Their biggest debtor went bust owing the company c£158,000. Silly to let that debtor take as much credit in my view, but their view was “after all the company was a well known big name customer and we never thought it would fail”. And it was good regular business for them so we understand why it got to be such a big debtor.

This led to a situation that was clearly not planned for. In 2006 the company had a bad trading year on top of the failed customer and so had to write the bad debt off. This made a huge loss for the year of £250,000. As a result the balance sheet then became negative (see insolvency test LINK and they saw the first flashes of a cashflow crisis looming.

So no further dividends could be taken AND the directors now had overdrawn directors’ current accounts to the tune of £70,000. With cashflow pressure mounting they came to KSA and said they needed restructure the company or close it.

This was our advice: consider the options, set out your objectives, look at the viability of the company and then make a decision to ACT. Call KSA in and we will set out the options in writing and in expert detail – that will help you decide.

Stop Options
If the company entered a formal terminal insolvency like administration, receivership, voluntary liquidation or compulsory liquidation, then the insolvency practitioner/liquidator could have demanded that the directors repay the £70,000 back to the company for the benefit of creditors.

This could have caused them personal financial hardship and with personal guarantees to the bank of over £200,000 the last thing they wanted to do was liquidation or administration. Indeed it was likely that personal Bankruptcy would follow.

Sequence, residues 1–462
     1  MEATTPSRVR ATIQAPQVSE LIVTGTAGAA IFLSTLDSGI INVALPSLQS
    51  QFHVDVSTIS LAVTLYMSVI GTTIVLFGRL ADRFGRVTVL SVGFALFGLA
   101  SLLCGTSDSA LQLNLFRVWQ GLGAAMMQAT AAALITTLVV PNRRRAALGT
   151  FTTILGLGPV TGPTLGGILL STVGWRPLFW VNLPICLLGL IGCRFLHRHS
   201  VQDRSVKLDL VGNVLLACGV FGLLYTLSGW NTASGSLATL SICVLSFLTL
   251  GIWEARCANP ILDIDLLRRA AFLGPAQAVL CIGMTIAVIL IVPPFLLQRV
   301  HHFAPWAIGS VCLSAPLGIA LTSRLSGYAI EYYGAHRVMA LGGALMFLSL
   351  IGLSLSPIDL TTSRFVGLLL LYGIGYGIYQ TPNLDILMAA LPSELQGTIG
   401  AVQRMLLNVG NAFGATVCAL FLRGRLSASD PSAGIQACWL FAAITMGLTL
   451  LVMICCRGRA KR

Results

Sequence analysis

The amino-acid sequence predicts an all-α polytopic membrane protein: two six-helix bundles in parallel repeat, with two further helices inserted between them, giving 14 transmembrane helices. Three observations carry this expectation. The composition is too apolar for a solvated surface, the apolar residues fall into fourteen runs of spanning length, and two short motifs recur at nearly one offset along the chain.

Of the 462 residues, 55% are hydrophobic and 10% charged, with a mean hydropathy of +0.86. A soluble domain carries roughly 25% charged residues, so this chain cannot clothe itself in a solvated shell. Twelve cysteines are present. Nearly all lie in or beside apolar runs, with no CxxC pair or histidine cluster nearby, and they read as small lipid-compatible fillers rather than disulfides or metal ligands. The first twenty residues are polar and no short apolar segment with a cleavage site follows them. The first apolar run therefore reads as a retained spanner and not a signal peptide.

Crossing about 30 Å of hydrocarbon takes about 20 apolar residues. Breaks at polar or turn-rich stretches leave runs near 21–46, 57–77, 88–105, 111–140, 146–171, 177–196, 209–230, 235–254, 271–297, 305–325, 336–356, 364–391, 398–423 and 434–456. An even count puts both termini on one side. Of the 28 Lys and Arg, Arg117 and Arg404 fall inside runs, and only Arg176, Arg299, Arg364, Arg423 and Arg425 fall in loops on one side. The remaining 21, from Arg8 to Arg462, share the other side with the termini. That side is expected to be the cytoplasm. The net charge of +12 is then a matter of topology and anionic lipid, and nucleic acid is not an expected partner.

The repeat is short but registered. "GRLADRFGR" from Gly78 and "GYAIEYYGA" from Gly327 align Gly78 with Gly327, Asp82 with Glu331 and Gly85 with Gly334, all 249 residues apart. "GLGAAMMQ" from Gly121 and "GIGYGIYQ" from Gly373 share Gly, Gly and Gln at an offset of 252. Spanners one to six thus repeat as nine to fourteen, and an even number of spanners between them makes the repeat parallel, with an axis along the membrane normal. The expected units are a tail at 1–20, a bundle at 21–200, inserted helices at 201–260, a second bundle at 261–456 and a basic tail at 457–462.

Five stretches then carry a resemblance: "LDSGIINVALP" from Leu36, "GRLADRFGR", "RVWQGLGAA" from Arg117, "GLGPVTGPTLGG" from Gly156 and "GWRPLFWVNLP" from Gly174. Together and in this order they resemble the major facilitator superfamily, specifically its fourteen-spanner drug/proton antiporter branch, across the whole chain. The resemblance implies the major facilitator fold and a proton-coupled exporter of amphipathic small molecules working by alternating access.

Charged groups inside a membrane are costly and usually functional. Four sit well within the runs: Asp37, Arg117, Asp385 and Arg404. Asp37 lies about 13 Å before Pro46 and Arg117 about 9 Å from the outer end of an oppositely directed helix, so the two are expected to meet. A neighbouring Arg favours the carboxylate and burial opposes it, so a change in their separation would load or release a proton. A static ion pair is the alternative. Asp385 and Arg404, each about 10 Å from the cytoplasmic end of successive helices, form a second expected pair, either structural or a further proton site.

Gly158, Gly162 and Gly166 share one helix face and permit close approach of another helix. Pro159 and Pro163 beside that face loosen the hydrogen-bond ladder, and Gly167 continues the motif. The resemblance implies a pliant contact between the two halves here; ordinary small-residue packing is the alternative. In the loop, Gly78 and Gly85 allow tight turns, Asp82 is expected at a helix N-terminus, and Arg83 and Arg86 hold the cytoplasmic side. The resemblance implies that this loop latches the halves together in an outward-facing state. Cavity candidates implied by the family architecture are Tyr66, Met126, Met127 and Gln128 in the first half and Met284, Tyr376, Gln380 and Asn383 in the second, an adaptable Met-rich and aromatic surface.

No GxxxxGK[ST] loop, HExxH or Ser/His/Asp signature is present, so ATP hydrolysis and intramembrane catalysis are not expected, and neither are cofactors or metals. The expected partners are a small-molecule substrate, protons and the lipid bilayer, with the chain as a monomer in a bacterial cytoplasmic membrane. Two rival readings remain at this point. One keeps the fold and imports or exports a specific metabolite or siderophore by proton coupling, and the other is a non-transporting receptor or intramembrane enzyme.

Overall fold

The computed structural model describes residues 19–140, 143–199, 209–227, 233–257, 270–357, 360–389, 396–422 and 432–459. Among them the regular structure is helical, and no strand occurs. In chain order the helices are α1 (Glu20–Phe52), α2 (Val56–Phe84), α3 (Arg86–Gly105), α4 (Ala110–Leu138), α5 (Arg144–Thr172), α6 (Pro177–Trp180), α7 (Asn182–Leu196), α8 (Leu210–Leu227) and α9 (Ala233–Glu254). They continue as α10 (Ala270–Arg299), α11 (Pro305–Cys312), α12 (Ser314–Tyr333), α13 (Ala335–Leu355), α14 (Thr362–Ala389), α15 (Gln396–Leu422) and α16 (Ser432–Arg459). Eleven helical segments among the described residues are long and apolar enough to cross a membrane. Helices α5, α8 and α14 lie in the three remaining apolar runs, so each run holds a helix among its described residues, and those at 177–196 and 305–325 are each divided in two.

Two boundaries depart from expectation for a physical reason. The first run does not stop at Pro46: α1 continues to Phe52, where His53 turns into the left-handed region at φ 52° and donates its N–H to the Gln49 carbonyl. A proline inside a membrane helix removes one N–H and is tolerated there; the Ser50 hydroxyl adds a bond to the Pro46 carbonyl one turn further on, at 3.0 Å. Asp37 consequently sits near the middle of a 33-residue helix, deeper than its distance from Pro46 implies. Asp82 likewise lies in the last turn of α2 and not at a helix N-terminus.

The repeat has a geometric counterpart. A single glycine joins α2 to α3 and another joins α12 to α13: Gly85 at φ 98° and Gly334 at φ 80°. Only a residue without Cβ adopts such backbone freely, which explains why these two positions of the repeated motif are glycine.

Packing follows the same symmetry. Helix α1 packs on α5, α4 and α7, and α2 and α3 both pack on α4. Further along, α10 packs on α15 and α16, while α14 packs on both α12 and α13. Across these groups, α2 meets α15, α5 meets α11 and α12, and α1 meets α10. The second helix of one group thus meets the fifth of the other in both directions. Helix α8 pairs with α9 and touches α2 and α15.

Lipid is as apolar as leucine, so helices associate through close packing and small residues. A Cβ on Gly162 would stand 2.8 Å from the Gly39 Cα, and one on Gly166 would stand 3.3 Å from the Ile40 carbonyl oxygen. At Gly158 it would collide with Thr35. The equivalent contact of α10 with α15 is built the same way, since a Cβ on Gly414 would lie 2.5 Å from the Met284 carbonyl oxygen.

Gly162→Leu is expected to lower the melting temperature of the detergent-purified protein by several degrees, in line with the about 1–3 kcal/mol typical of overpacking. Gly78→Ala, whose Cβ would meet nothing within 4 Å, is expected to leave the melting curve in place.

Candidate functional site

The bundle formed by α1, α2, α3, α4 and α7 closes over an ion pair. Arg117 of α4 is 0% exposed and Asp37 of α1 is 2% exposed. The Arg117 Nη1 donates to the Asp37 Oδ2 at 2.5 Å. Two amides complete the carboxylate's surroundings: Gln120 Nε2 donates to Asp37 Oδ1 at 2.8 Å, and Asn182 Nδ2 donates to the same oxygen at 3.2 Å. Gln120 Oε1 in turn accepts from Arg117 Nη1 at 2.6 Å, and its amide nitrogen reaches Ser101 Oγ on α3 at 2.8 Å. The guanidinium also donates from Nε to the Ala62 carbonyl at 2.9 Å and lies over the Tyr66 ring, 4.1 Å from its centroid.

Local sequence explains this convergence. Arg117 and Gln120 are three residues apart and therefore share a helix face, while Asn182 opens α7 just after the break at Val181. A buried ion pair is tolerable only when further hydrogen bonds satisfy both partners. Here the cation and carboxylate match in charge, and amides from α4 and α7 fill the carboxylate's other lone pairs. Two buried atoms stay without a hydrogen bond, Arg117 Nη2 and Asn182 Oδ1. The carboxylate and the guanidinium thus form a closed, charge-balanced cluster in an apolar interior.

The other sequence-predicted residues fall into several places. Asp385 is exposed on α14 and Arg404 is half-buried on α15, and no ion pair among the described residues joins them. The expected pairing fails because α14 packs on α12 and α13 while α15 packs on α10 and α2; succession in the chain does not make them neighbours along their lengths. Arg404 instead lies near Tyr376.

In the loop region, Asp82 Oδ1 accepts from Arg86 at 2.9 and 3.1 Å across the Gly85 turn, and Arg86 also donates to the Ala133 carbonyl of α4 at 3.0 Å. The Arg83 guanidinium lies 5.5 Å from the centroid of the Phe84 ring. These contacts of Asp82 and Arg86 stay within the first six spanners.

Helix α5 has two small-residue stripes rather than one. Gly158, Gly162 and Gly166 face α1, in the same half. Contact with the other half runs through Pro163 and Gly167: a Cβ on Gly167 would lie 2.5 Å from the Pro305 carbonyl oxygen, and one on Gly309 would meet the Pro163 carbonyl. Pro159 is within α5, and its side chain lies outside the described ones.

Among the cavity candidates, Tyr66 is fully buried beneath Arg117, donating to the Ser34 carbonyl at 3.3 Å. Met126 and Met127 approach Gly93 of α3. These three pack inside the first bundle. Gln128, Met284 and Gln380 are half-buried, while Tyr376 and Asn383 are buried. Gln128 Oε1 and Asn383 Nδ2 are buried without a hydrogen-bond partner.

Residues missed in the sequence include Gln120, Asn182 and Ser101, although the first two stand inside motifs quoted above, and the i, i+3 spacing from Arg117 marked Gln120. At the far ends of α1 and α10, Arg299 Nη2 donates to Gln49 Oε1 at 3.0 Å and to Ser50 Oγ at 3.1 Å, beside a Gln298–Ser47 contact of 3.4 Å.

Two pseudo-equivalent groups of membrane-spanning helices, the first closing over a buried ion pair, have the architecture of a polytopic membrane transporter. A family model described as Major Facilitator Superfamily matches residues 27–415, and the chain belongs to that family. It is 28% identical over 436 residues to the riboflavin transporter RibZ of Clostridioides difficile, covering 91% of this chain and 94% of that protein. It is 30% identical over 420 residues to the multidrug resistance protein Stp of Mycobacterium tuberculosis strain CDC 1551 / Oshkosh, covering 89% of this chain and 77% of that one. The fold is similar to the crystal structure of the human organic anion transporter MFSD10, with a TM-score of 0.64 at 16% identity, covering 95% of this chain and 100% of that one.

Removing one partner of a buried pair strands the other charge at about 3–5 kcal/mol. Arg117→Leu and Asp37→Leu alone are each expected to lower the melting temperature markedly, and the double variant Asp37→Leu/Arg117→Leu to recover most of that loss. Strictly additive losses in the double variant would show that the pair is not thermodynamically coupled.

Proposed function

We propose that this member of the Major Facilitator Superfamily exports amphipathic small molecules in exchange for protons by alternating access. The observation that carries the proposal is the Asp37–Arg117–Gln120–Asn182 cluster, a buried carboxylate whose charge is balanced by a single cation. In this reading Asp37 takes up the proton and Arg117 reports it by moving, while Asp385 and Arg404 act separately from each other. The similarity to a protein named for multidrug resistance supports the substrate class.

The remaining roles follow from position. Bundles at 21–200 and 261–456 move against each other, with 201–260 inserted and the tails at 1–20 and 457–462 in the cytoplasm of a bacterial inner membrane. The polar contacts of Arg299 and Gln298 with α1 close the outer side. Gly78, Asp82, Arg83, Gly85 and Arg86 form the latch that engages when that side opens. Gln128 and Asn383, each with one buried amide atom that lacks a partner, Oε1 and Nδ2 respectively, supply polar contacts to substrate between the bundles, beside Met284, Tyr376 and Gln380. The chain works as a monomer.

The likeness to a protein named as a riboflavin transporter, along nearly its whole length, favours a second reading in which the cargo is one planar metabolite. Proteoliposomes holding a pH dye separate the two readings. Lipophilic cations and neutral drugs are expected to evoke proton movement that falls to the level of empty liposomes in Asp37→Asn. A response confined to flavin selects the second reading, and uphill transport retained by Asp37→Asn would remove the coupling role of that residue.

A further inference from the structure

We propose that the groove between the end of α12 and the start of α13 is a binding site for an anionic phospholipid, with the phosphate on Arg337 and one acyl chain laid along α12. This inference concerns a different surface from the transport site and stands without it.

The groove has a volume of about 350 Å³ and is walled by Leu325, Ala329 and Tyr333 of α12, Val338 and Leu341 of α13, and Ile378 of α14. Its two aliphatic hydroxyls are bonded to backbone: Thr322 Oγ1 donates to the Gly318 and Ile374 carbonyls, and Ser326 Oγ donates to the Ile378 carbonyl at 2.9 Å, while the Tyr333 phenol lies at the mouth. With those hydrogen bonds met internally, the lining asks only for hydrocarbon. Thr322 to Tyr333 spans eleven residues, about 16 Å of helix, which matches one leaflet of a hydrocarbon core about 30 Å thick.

Go Options
So we looked at the Go Options with them. (By the way we never charge for this detailed advice) and these included Trading Out, Trade Sale, CVA and or refinancing.

The key test is viability. We felt that one bad year and a huge bad debt did not equate to a bad business. Far from it this was a good business with dedicated directors and staff. So we said look at Go options and try and select the best option with our help.

We recommended that CVA would be the best solution and this was why.

The overdrawn directors current account liability would be “reversed”, in other words the payments would be treated as being net pay through the PAYE scheme. This of course generates a larger PAYE and NIC liability. But using the CVA the debt would be bound by the process. Along with reduction in people and managers (the lost contract meant that they had too many people) the company was forecasting a modest profit at best or just below break-even at worst.

The benefits for creditors were that they got a deal paying 55% of their old debt back over 5 years and kept their customer.
The benefits for the company were a downsized business, lower costs; long term survival, no lost contracts and we removed cashflow pressures whilst keeping the bank happy.
The benefits for the directors were that they avoided personal liability, avoided the failure, avoided bank personal guarantees being called up and also avoided the £70,000 debt to the company.
Plus as owners of the company they have long term employment and a valuable future business.
A great deal all round and guess what? The reversed tax was included in the CVA vote and HMRC supported the deal.
So if you or your directors have an overdrawn current account and a company that is under real pressure then call us on 0845 519 4930. As the above case study shows we can save your business and help you as directors.


We’ll give you free, high quality advice; please call 0800 9700 539 now.